Petter didn't take kindly to a lawsuit. As she sees it, her Eureka Township neighbors are trying to put Fur-Ever Wild out of business. She said as much in a three-page letter, distributed mid-summer three years ago to every front stoop on the cul-de-sac.
"When you back a dog in a corner and keep slapping him in the face," her letter began, "after a while they have to defend themselves. I've been pushed long enough."
Take your pick, Petter said: fur-bearing animals to exhibit and pelt or "a bigger pig farm," adding, "I wouldn't care how much of a S&^% hole this place becomes."
Her words were a declaration of war. She was done playing nice, she said, because "that doesn't seem to work." Besides, if her neighbors wanted a legal fight, she'd just breed more animals to pay the bills.
"Remember the animals aren't going anywhere," the letter concluded. "You make the call on what you think is best, but the more time and energy I waste on this lawsuit, the more animals I need to breed.... The choice is up to you."
A State Court of Appeals last spring ruled against Petter, ordering Eureka Township to enforce its exotic animals ordinance and force Petter to get rid of the wolves, cougars, and bobcats, and any others under the prohibited umbrella.
But that won't be happening anytime soon. Petter has counter-sued, and the trial, originally scheduled for May, has been postponed until June 14.
Whatever the court decides, it doesn't appear Petter will go peacefully.
"No one will take these animals as long as I breathe," reads a Petter email from November and provided to City Pages by a former Fur-Ever Wild visitor. "I will die in a pile of brass before anyone takes my animals."
Minneapolis resident Debbie Pierce and Michelle Valadez of Lakeville toured Fur-Ever Wild last April. The women had read the internet rumors, but wanted to see the ranch firsthand.
A teenage volunteer played guide. Both recall a cougar pacing incessantly, a pregnant wolf crying and whining for the better part of an hour, and other animals lying down, waiting for people to buy hotdogs and dispense them through a PVC pipe into their enclosures.
"She kept talking about how healthy her wolves are, much healthier than in the wild, because, she said, they take such good care of them and they're loved so much," Valadez says. "That's not what I saw. They were all dirty and scruffy. Every animal was mopey, lethargic."
Pierce still tears up when asked to describe the visit.
"It's the dishonesty about the whole thing that's most disgusting to me," she says. "What kind of person raises animals, pets them, gives them names, then turns around and can look at them when she's slaughtering them?"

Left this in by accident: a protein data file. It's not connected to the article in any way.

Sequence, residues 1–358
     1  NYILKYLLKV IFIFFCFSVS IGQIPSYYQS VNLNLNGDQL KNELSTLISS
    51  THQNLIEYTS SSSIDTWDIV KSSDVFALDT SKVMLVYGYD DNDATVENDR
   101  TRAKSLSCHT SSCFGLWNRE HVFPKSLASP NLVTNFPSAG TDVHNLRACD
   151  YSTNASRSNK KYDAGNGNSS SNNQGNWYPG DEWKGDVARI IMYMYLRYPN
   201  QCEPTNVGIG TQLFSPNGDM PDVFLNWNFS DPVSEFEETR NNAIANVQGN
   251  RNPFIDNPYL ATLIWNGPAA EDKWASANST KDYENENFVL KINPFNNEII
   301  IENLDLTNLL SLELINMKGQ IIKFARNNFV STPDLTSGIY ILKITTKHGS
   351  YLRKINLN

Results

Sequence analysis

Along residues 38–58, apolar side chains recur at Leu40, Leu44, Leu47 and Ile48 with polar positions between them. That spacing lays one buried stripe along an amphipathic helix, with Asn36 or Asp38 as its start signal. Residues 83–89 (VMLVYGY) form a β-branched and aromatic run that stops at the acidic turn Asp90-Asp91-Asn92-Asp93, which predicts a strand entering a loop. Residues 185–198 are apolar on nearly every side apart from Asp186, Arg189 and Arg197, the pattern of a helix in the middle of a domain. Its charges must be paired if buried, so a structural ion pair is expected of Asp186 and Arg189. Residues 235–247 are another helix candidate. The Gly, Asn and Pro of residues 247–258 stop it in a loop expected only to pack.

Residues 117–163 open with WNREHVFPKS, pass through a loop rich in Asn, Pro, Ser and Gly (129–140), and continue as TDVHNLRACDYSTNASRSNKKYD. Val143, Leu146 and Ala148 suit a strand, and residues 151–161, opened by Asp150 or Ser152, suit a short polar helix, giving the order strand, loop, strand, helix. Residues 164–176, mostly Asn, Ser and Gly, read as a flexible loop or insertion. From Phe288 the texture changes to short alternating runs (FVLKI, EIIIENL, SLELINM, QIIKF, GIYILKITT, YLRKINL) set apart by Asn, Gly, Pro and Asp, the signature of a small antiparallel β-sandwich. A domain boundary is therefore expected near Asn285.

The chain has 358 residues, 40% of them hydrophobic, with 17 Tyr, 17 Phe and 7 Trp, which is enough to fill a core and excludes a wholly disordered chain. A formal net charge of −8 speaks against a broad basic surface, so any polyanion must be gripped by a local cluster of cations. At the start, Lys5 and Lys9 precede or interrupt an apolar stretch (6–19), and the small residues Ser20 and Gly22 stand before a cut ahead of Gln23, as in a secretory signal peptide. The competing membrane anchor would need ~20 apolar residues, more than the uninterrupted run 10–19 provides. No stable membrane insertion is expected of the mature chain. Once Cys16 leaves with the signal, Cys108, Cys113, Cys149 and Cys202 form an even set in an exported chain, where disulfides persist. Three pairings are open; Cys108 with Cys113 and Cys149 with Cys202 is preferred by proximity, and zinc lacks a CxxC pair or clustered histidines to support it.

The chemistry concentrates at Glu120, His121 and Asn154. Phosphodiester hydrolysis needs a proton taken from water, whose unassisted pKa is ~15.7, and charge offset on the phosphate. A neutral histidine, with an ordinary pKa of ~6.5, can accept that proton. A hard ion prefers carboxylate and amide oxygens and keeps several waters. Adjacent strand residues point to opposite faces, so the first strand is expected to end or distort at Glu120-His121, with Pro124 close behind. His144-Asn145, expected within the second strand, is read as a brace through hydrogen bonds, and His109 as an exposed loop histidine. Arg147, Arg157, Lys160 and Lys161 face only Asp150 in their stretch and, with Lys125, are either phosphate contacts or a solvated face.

If the outcome of the trial doesn't put Fur-Ever Wild out of business, the mounting legal fees just might.
Petter started a Go Fund Me page in February of this year to cover her "legal fees for hunting education." The page has a $15,000 goal to defend Fur-Ever Wild in court because "We have been attacked by animal rights activists and a few neighbors to try to shut us down."
A second page was started the same day. Its creator, "Trigger Petter," asked for $15,000 for an outdoor educational center that's been victimized by "lies and rumors." Donations would support Fur-Ever Wild's work of hosting events such as those for "youth and disabled [vets]."
Petter is also looking to offload some real estate. In early 2015, she purchased a 17-acre tract in Deadwood, South Dakota, for a second Fur-Ever Wild outpost. She opened the exhibit to the public around Memorial Day.
The expansion project didn't last the summer. First, the state Animal Industry Board said Petter's patrons weren't allowed to pet baby animals. The town then rushed to approve a restrictive animal ordinance. One of the provisions capped her number of animals at 12.
She put the Deadwood property up for sale last August, and it remains listed. But officials also say Petter is in the process of reapplying for the South Dakota license that would allow her to have wolves and other exotics on site — presumably with an eye toward reopening the Deadwood site.
The South Dakota locals who opposed Fur-Ever Wild opening a local outpost a year ago "fear Petter is making plans to move animals from her Minnesota-based attraction, if she loses a pending lawsuit there that could force her to close," reported the Rapid City Journal last month.
Petter didn't respond to repeated email and phone messages seeking comment. She did have something to say when the Animal Legal Defense Fund threatened legal action. Stop killing wolves immediately, the group ordered, as it's in violation of federal law. Her wolves, she countered in a January 19 affidavit, are actually "wolf-dog hybrids."
As a trial looms, Petter has also put up for sale her original 40 acres in Eureka Township.
"This property has the gorgeous countryside and easy freeway access," an online listing reads. "The best of both worlds."